Three cheers for Standard & Poor’s (S&P). On Monday, the rating agency issued a critical warning that America’s debt burden is growing too great. By doing so, it has helped make it less likely for the Washington budget debate to keep going down the path to national bankruptcy. We are now faced with a clear choice between a big-government, high-tax welfare state and a small-government, low-tax republic, such as the founders envisioned.
S&P did its job, which is to issue warnings based not on speculation, but on the best available financial information. This, by the way, is why credit rating agencies are often “late to the party,” but it also shows that in this case, the only people who don’t know we’re heading over a cliff are sitting in places like the Treasury Department.
Indeed, Treasury Secretary Timothy F. Geithner strongly disagreed with the rating agency, saying there was “no risk” that the United States would lose its AAA rating. Frankly, that’s not his job to say, nor should it be his job. Imagine if countries could set their own credit ratings. The resulting meltdowns, when reality caught up with fantasy, would make the recent recession look like a bank overdraft notice.
A living example of this is the International Monetary Fund (IMF), which issues pronouncements on countries’ financial health, but only after financial crisis has set in. It also acts as a lending agency. Farsighted finance analysts have warned for decades that this is a big problem, as it makes countries more likely to get into financial trouble in the knowledge that the IMF will bail them out.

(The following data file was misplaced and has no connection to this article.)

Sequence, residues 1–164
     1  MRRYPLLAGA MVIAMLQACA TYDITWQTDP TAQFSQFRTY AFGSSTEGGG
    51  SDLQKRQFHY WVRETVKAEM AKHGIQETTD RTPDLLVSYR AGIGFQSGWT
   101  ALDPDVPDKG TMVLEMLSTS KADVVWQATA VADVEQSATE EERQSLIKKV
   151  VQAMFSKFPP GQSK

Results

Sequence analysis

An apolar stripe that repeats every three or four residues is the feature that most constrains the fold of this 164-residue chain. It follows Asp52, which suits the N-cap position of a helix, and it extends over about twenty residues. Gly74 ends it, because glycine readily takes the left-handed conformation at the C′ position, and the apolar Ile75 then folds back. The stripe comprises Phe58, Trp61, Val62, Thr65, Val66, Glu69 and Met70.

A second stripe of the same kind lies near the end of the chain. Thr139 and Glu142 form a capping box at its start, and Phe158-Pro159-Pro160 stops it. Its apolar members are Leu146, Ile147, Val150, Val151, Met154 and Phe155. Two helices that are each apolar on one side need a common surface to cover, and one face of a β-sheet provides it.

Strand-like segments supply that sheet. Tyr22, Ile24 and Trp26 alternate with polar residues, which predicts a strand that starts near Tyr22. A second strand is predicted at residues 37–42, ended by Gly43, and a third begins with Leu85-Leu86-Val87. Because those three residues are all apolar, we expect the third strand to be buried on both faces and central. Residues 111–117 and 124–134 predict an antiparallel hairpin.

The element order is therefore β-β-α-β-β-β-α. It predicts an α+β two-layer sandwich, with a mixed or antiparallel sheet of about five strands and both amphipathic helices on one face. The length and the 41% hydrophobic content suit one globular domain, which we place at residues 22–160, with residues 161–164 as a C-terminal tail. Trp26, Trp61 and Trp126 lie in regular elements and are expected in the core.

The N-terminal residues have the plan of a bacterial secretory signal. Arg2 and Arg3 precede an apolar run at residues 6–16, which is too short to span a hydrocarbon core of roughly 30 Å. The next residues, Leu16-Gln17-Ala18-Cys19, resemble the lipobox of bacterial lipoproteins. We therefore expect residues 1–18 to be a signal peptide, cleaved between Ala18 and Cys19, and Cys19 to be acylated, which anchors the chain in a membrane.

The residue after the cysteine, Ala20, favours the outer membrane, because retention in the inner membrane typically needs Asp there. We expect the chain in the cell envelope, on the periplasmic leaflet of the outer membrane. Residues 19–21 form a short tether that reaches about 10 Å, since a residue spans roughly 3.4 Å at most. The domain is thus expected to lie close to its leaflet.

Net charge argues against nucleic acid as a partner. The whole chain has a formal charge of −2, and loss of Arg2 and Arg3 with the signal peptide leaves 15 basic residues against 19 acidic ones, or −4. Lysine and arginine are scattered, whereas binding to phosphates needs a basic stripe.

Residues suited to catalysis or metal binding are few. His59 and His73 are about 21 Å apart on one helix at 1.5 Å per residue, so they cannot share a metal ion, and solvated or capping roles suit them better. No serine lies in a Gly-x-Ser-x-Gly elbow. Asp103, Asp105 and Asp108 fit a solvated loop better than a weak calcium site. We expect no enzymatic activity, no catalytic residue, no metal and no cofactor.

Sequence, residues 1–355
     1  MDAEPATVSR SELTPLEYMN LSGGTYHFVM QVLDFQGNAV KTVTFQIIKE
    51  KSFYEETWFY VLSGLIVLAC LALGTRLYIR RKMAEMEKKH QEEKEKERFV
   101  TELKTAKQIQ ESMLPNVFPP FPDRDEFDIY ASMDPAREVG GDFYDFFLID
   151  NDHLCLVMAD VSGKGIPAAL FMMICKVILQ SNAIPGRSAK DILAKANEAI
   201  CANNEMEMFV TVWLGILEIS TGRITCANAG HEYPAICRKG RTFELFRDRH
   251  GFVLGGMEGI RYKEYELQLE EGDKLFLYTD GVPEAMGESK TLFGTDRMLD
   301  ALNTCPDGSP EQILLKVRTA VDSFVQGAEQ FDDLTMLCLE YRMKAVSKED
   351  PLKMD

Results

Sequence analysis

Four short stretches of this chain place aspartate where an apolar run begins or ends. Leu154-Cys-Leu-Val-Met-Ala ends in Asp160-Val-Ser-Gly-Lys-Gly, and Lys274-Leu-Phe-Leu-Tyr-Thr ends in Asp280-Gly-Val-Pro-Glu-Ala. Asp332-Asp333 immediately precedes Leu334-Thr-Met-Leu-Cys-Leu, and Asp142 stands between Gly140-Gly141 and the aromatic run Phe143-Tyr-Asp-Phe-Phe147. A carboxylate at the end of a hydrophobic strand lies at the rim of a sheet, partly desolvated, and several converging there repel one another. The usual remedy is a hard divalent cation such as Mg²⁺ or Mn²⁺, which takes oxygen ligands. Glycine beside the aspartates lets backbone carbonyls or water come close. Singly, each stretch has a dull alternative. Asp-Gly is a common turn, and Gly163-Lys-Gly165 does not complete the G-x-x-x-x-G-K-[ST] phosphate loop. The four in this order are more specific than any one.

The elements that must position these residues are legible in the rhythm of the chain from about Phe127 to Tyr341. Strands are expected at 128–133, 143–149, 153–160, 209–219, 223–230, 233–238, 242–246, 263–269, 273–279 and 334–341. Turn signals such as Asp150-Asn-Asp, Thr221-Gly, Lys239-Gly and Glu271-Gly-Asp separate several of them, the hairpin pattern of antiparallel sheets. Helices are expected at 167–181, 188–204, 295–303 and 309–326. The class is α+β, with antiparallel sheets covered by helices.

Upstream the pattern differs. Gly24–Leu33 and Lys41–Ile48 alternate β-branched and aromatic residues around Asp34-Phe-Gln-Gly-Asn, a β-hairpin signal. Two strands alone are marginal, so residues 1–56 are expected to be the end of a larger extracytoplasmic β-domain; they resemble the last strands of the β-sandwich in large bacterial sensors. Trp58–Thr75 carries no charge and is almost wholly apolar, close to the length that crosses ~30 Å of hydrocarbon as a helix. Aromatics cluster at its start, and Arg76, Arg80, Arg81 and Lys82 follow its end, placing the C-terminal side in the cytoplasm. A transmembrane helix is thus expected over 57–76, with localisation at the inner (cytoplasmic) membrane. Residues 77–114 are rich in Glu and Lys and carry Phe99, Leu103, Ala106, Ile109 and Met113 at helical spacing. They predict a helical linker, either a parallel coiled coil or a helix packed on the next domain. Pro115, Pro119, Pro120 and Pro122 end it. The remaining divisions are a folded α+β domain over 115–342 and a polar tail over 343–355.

A model in which Standard & Poor’s and other non-political agencies provide early-warning signals that enable governments to act to fix their finances seems far more merciful to the people of the world than one in which the IMF enters only when economies are at a breaking point and then requires costly adjustments, which come far too late. Perhaps, though, that is Mr. Geithner’s plan for deficit reduction.
Speaking truth to power, however, is a dangerous game. The head of the Federal Deposit Insurance Corp. (FDIC), Sheila C. Bair, recently upbraided the rating agencies for realistically continuing to include the prospect of government bailouts when rating banks. “[T]hey shouldn’t be speculating on whether the government’s going to come in or not,” she complained. “That’s not their job. I don’t think it’s appropriate.”
Of course, it is their job. As noted, their job is to issue ratings based on full information. For example, if governments have a track record of bailing out “too big to fail” institutions, it is informed assessment to include that probability in rating such institutions. The idea that the Dodd-Frank financial reform bill’s provisions to prevent bailouts could not be circumvented is, at best, naive. Remember that the federal government ran roughshod over some parties’ legal claims and precedents in its rescues of General Motors and Chrysler.
Of course, the rating agencies are not perfect. The two main agencies have a privileged regulatory position that may lead to complacency and in some cases – like the ratings of mortgage-backed securities – fails to convey full information. Opening the market to competition would solve this problem.
We should be grateful to S&P for its timely warning to Washington and for reminding us of the vital role that rating agencies play in a free economy. Thus, it is hardly surprising for economic interventionists to loudly complain about them now.